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"Building Secure Wireless Networks with 802.11", Jahanzeb Khan/Anis Khwaja, 2003, 0-471-23715-9, U$40.00/C$62.95/UK#29.95
%A Jahanzeb Khan
%A Anis Khwaja
%C 5353 Dundas Street West, 4th Floor, Etobicoke, ON M9B 6H8
%D 2003
%G 0-471-23715-9
%I John Wiley & Sons, Inc.
%O U$40.00/C$62.95/UK#29.95 416-236-4433 fax: 416-236-4448
%O http://www.amazon.com/exec/obidos/ASIN/0471237159/robsladesinterne
http://www.amazon.co.uk/exec/obidos/ASIN/0471237159/robsladesinte-21
%O http://www.amazon.ca/exec/obidos/ASIN/0471237159/robsladesin03-20
%P 330 p.
%T "Building Secure Wireless Networks with 802.11"

 

As with any hot topic, there are lots of people willing (eager!) to tell you about the security of wireless local area networks, without first making sure that they really know the subject.

Part one is an introduction to wireless LANs. Chapter one is a history of networks, an outline of topologies (concentrating on cabling, interestingly enough), and a review of the TCP/IP (actually OSI, [Open Systems Interconnection] protocol stack. The last page gives too little information for an exercise in setting up a home LAN. Terms in regard to wireless technology are listed in chapter two, but the material is verbose without being informative. The explanations given for spectrum multiplexing are unclear, and seem to be delivered by rote without any understanding. The discussion does not build on that from chapter one to, for example, point out that ad hoc wireless networks are similar to bus topologies, while infrastructure networks are more akin to stars. The various IEEE (Institute of Electrical and Electronics Engineers) 802.11 standards are listed in chapter three. However, there is a great deal of material repeated from prior text (the discussion of spectrum is reprised almost word for word), and, other than some frequency and maximum bandwidth information, there is little additional detail. (Repetition and duplication is rife throughout the book, as well as a good deal of space wasted with pointless figures and graphics. On page 125 we are told that "The 40- bit shared key is concatenated with a 24-bit long initialization vector" and referred to figure 6.1. Figure 6.1 tells us" Concatenated-Key = Shared-Key + IV." Not very helpful.) Chapter four is supposed to help you decide whether a wireless LAN is right for you, but only has some vague opining, a little content on wireless ISPs (Internet Service Providers: hardly suitable for LAN discussions), and almost no analysis or details.

Part two purports to emphasize secure wireless LANs. Chapter five has random topics regarding network security. Most of it is irrelevant to the specific needs of wireless situations or is not discussed in terms of the particular needs of wireless networks. (Physically securing the components of a wireless LAN has some importance in overall security, but may be pointless if someone driving by can take over the network). Securing the IEEE 802.11 wireless LAN is not reviewed well in chapter six. There is more duplication of content, few details about WEP (Wired Equivalent Privacy), and some clear evidence of misunderstanding of the base technologies. (If you are going to talk about 40 bit keys at the low level, higher level security should be 104, rather than 128, bit. And a 128 bit key is *not* equivalent to 64 characters, in anybody's representation.) When security aspects are discussed, often they relate to issues that are beyond the control of the user, such as moderation of signal strength.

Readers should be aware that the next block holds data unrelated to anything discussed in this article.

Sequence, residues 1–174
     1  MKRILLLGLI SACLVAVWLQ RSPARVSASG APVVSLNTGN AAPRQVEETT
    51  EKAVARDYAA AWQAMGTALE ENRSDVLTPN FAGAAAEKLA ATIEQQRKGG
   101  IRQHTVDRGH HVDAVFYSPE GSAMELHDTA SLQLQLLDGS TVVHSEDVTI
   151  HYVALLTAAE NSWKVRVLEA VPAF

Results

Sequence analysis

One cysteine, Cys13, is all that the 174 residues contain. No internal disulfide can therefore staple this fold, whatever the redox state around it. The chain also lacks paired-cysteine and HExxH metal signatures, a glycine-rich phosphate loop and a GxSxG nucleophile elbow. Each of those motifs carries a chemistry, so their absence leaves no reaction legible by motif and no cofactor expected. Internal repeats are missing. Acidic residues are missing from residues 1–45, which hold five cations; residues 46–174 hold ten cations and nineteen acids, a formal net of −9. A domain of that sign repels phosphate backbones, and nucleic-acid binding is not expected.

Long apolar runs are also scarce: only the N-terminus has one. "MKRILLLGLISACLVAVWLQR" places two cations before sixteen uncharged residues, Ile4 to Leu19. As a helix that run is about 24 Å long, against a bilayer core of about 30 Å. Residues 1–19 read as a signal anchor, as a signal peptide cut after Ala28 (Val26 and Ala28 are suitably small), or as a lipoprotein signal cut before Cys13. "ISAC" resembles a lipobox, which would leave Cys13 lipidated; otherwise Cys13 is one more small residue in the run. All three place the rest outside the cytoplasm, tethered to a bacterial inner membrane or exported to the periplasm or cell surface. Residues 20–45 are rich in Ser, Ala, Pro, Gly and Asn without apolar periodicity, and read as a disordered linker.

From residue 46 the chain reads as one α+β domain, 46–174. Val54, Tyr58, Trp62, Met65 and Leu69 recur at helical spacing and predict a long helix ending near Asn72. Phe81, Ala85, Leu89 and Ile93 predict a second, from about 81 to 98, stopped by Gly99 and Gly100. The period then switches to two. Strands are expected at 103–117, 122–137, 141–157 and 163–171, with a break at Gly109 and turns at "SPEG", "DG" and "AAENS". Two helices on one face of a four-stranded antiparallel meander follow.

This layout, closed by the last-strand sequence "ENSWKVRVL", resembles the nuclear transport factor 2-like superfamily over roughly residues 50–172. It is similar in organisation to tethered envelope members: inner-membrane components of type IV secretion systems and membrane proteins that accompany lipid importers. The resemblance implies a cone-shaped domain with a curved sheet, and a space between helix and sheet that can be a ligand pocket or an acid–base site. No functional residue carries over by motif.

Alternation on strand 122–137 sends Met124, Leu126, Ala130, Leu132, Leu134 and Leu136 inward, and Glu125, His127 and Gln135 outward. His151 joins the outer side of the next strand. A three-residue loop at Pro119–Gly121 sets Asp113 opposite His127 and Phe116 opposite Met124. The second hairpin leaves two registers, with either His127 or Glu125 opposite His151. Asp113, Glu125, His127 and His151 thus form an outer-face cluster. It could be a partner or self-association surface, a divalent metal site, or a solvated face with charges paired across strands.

Part three collects topics related to the building of secure wireless LANs. Chapter seven is a simplistic overview of generic LAN planning. Shopping for the right equipment is important, but the list of product specifications in chapter eight fails to address vital areas, such as driver availability, default key length, and the existence of default accounts. More space is devoted to where you can buy equipment than how to evaluate it. The installation instructions, in chapter nine, pretty much ignore security considerations. Chapter ten supposedly deals with advanced wireless LANs, including security, but has little new material aside from screenshots of Microsoft Windows utilities with some relationship to VPNs (Virtual Private Networks).

Part four covers troubleshooting and maintenance. Chapter eleven touches on a number of possibly wireless connectivity problems. A collection of text repeated from prior chapters is in chapter twelve.

There is a glossary included with the book. It is quite limited, and, in particular, does not deal well with acronyms. In fact, the book is full of TLAs (Three Letter Acronyms) and other abbreviations that get used before they are defined, and do not appear in either the glossary or the index. This can be quite aggravating, particularly in cases where the acronyms aren't standard. (The authors use "PHY" to refer to the physical layer of the OSI model, which is not commonly so represented in either communications or security literature.)

The text of the book is excessively padded with useless verbiage and irrelevant material. The actual content pertinent to the security of wireless LANs is barely enough to fill a decent magazine article. Overall, the book is poorly structured, limited in detail, and bloated with meaningless or repetitious content.

copyright, Robert M. Slade, 2003 BKBSWNW8.RVW 20030208